It's hard for people to understand the kind of investment it takes to be really good in the modern passing game. The symmetry between all the moving parts is extremely complex. The protections, the timing on the routes, the length on the drops to create the passing lanes -- it takes, literally, thousands of reps to get it right. Repetition is the mother of all learning, and when you talk to quarterbacks who make it all look easy, as if the play is executed perfectly after being drawn up on the palm in the huddle, you understand it further.
Ask Aaron Rodgers, who this week described to ESPN The Magazine his biggest toss in the Super Bowl as one he's thrown "100 times in practice. Same exact route." Not a play, or a formation -- but one route within one specific play, 100 times.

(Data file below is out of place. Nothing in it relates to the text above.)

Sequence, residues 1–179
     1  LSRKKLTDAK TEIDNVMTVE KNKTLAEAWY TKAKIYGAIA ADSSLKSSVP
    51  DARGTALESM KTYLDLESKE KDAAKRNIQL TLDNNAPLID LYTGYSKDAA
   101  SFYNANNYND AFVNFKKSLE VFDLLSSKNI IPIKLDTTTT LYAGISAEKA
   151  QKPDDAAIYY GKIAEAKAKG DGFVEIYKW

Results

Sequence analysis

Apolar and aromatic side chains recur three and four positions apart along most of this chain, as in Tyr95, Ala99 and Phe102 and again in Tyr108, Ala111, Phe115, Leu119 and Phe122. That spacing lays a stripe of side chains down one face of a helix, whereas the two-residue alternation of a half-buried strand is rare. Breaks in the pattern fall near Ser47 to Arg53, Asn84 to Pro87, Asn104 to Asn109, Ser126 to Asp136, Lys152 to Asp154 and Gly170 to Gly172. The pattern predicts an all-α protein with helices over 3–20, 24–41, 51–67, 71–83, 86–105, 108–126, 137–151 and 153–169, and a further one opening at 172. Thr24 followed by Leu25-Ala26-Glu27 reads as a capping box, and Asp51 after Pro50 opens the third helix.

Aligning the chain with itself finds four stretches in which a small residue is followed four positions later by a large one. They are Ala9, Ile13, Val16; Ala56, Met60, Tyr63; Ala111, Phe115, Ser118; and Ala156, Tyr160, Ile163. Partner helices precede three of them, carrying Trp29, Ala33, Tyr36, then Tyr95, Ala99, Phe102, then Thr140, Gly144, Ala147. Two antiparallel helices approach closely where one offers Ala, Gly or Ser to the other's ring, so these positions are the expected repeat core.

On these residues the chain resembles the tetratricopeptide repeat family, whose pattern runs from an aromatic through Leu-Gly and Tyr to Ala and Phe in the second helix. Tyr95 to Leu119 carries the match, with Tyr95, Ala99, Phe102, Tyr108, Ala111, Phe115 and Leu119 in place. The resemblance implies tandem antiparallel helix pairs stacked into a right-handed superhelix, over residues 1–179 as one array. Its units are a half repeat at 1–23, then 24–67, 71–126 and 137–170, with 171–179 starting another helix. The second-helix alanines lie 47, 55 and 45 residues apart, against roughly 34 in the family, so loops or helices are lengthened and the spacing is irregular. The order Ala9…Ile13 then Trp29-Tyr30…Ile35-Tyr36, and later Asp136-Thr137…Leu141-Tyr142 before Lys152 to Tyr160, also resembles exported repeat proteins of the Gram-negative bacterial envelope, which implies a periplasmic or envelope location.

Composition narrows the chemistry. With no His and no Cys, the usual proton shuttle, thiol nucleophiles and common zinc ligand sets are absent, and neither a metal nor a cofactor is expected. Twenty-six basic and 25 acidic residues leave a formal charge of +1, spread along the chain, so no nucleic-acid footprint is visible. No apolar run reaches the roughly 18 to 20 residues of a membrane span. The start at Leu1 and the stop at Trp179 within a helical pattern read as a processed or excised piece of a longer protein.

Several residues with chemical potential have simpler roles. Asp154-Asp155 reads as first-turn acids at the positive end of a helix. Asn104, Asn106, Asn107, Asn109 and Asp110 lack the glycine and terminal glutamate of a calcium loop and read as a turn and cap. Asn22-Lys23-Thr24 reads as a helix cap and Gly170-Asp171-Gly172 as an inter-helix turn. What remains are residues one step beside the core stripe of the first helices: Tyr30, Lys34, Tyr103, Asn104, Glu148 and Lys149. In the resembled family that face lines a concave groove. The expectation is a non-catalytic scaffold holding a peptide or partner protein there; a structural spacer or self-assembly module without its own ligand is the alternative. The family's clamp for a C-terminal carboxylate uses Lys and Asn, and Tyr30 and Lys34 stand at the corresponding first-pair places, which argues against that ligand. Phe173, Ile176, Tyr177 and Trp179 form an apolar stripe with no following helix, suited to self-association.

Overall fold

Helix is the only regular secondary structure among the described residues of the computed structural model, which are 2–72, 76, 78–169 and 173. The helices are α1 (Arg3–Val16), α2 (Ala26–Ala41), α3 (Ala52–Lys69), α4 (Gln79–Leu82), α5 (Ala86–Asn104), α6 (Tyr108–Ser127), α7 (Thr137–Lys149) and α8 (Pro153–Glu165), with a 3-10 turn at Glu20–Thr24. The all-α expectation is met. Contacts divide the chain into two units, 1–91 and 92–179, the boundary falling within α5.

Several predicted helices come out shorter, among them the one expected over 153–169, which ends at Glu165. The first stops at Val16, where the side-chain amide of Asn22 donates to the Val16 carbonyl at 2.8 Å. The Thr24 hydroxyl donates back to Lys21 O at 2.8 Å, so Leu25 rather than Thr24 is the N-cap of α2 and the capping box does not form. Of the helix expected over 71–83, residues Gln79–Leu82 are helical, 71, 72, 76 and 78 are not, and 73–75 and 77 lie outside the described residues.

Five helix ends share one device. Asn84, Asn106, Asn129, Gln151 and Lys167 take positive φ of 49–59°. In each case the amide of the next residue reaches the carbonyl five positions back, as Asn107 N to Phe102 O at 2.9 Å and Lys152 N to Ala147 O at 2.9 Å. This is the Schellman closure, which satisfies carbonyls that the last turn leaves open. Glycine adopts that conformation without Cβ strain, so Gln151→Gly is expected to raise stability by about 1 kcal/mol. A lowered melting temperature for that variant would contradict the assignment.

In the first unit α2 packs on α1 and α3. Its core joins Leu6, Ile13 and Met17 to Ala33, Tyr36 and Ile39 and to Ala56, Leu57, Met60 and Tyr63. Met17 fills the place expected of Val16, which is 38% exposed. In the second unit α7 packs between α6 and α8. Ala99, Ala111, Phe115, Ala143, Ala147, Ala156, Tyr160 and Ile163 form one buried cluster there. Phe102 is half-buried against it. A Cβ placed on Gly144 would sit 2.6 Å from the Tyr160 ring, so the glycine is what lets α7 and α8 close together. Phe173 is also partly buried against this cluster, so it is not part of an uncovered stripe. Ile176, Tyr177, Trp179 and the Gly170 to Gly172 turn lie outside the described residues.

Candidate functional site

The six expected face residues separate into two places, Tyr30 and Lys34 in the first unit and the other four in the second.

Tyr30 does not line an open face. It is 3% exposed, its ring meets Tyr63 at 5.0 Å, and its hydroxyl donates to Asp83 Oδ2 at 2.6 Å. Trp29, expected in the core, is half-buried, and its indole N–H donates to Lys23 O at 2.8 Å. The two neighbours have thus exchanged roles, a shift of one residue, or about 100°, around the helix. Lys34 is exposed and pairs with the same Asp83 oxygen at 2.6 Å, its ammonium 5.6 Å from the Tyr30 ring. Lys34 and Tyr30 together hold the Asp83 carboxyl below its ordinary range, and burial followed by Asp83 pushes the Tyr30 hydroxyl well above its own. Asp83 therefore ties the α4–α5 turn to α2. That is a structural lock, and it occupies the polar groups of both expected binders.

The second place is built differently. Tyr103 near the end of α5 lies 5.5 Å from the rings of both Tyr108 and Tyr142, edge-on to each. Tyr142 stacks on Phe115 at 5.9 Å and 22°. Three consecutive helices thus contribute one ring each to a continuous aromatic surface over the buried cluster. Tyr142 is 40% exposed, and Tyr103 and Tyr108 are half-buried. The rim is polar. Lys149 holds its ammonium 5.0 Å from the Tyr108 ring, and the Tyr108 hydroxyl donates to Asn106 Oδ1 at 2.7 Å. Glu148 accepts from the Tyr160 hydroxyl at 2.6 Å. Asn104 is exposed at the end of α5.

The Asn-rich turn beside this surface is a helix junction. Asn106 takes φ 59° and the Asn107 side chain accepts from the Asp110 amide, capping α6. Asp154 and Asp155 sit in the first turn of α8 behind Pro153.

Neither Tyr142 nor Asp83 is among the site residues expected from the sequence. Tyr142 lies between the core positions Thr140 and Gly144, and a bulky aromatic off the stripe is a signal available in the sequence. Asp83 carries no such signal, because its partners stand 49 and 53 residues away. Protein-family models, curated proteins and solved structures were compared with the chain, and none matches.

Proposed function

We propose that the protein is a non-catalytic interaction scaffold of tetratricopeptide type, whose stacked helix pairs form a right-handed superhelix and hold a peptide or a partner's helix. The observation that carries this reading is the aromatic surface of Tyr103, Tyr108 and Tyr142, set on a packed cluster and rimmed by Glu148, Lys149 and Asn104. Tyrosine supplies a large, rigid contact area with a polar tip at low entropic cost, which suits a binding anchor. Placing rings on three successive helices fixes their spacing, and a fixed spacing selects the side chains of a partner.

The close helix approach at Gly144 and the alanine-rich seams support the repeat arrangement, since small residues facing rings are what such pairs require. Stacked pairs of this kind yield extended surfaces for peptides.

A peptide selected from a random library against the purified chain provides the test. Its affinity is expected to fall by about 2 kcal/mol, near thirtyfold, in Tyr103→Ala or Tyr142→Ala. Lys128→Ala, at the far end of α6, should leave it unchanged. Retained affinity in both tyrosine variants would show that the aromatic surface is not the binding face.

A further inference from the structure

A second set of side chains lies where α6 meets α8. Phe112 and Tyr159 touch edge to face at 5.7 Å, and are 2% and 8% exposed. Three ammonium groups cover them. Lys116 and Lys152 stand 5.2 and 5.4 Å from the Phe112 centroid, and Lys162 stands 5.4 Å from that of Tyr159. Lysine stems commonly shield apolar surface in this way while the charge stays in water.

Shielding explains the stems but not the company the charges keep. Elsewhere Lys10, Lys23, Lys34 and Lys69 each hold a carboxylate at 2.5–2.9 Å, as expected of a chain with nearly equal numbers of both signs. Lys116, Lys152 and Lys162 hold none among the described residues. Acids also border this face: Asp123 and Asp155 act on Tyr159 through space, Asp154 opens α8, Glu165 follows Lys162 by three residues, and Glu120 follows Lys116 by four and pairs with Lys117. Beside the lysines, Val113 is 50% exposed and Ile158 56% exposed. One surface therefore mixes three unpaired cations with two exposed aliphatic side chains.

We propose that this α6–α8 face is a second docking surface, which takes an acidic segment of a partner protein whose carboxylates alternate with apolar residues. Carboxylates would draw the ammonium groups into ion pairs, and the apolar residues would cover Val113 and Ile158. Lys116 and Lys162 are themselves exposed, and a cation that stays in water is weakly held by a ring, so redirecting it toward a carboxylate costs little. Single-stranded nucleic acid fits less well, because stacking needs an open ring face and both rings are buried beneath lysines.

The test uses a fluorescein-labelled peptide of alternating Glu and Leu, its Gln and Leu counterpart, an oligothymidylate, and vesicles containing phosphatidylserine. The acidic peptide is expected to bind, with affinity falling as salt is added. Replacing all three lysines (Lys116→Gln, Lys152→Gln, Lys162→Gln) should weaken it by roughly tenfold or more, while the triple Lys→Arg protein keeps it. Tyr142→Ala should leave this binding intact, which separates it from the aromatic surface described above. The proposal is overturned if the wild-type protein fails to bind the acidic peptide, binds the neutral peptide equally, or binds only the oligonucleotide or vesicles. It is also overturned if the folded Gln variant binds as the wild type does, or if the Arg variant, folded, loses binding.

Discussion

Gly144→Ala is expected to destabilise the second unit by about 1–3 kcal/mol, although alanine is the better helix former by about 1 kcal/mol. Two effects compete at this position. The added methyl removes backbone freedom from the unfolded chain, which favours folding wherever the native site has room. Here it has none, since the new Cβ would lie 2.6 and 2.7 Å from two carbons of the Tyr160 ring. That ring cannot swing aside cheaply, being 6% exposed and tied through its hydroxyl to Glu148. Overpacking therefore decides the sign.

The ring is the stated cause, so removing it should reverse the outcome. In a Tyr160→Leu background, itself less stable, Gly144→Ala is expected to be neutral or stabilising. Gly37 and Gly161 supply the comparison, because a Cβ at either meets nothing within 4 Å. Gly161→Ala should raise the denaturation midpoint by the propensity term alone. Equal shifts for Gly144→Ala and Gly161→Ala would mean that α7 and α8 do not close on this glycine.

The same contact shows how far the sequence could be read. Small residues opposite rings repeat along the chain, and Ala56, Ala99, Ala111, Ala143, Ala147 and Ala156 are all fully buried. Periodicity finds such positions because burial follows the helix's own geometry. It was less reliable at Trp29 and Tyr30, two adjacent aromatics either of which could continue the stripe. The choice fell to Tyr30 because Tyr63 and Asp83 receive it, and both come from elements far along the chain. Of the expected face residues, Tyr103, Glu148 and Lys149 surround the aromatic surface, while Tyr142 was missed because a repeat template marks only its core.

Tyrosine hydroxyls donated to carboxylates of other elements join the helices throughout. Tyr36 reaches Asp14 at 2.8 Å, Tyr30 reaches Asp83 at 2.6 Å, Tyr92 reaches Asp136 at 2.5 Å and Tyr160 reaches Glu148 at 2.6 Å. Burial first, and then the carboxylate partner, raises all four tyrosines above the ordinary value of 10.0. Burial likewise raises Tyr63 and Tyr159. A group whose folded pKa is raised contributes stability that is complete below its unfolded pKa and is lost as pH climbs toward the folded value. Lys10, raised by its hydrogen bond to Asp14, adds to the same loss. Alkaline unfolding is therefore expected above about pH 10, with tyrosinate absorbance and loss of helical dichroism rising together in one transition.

Now think about what the Denver Broncos have done.
Since they decided to start Tim Tebow, Denver hasn't just dabbled in the read-option look, something you're more used to seeing on Saturdays. No, the Broncos have fully embraced it. We're seeing something that goes beyond a mere commitment to the run. Tebow himself ran the ball 22 times last week, a figure not seen from a quarterback in decades. No, Denver has played this hand, and played it with commitment. And what I described before, the precision of the modern passing game? The Broncos have ditched it. And in the process, they might be more all-in with Tebow than they realize.